Alaska Senate squashes motion to meet with House, override PFD veto
The Alaska Legislature met Monday for the first time since Gov. Bill Walker announced he’s reducing this year’s Permanent Fund Dividend checks to $1,000. Despite a motion for a meeting to try to override the cut, lawmakers are unlikely to reverse the governor’s action.
Sen. Bill Wielechowksi, D-Anchorage, who is considering a lawsuit over the governor’s action on the PFD, called Monday for a joint session of the House and Senate to vote on the issue. Acting as Senate president, Sen. John Coghill, R-North Pole, ruled Wielechowski out of order, saying that traditionally the House makes that motion.
Coghill’s ruling, Wielechowski says, effectively squashes the possibility of an override because the Senate has adjourned until Friday, the last chance within the five-day legal limit in which the Legislature can overturn a governor’s veto. But most senators are headed to Anchorage for the week for committee hearings.
“I think this probably effectively kills an opportunity for the Legislature to get together and discuss overriding the governor’s veto,” Wielechowski said.
House Speaker Mike Chenault said his body is still trying to decide what to do about a possible override. He expects to know by Tuesday morning whether the House will motion to meet with the Senate on the matter. If it does, he said he’ll push to look at all of the governor’s budget vetoes, not just his cut to the PFD.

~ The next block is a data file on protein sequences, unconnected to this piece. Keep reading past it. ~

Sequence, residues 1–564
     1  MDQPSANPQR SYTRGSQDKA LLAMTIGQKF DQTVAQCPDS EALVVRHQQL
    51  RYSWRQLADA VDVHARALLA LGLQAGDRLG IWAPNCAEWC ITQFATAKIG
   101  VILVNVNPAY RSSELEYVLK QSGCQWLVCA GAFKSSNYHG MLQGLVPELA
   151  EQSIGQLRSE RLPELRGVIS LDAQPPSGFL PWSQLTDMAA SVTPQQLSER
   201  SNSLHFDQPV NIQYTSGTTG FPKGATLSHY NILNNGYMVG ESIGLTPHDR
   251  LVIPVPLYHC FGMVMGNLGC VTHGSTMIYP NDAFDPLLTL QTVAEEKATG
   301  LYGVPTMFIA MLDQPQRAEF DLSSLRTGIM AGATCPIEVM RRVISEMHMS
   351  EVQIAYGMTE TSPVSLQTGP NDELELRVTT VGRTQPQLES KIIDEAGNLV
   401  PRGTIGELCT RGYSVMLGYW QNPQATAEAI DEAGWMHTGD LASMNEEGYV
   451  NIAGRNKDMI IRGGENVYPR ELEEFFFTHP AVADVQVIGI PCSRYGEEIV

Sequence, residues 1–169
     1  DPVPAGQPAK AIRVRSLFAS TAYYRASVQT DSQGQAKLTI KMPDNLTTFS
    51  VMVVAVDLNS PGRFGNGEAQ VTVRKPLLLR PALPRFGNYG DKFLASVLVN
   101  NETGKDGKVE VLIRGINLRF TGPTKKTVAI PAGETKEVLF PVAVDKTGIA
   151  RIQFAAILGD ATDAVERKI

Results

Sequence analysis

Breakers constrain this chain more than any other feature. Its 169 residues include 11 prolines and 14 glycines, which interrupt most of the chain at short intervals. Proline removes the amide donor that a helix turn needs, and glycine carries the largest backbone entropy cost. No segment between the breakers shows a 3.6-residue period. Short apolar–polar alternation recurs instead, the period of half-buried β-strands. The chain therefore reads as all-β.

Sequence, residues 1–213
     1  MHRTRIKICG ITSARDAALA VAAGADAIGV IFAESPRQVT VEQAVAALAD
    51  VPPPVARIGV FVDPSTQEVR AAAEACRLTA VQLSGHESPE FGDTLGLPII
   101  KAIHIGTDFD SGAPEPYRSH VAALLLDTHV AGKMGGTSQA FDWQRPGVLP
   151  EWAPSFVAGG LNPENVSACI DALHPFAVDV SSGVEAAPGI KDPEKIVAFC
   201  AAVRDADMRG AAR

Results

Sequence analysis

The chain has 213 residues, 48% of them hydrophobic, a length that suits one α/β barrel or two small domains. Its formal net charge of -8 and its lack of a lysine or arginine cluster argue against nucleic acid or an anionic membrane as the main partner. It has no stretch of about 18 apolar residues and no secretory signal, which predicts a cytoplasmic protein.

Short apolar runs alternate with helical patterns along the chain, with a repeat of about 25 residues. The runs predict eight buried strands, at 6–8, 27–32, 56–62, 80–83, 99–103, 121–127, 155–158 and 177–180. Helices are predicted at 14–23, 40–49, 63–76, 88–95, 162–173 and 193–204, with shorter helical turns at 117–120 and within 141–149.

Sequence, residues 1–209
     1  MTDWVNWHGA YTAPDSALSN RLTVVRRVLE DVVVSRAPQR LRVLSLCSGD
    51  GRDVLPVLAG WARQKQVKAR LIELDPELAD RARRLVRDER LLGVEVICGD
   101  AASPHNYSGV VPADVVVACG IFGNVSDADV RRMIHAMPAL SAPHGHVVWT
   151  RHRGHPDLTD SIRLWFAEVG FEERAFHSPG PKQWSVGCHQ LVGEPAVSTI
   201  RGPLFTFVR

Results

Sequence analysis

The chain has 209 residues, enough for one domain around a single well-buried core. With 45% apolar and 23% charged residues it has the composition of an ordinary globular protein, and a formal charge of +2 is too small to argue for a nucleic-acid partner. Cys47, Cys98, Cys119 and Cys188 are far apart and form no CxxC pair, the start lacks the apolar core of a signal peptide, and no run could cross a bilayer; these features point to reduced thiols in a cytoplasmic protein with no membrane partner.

Monday marked the start of the historic fifth special session. Never before has a single Legislature met this many times.
Walker called the current session after the Legislature refused to adopt pieces of his long-term plan to deal with the state’s unprecedented budget shortfall — despite a four-month-long regular session and one special session. Walker has called his proposal to draw from permanent fund earnings to cover state services the cornerstone of his fiscal plan.
But also on the agenda for the first time Monday is a 3 percent statewide sales tax, Senate Bill 5004, which would raise about $500 million annually. Walker has repeatedly called for a broad-based tax since unveiling his plan in December 2015, but until now, he had only introduced an income tax proposal. In a letter to lawmakers, Walker described the sales tax as “an alternative option for the legislature to consider in lieu of a proposed income tax.”
Walker’s income tax plan is on the special session call as well.
The governor introduced new legislation Monday on oil taxes, which target North Slope producers, after lawmakers passed legislation dealing with the Cook Inlet region last special session and setting a seven-year limit on a tax break for new oil.
The Walker administration estimates $125 million in savings by 2019 from the new oil tax proposal, which eliminates a company’s ability to deduct operating losses from future tax liability.
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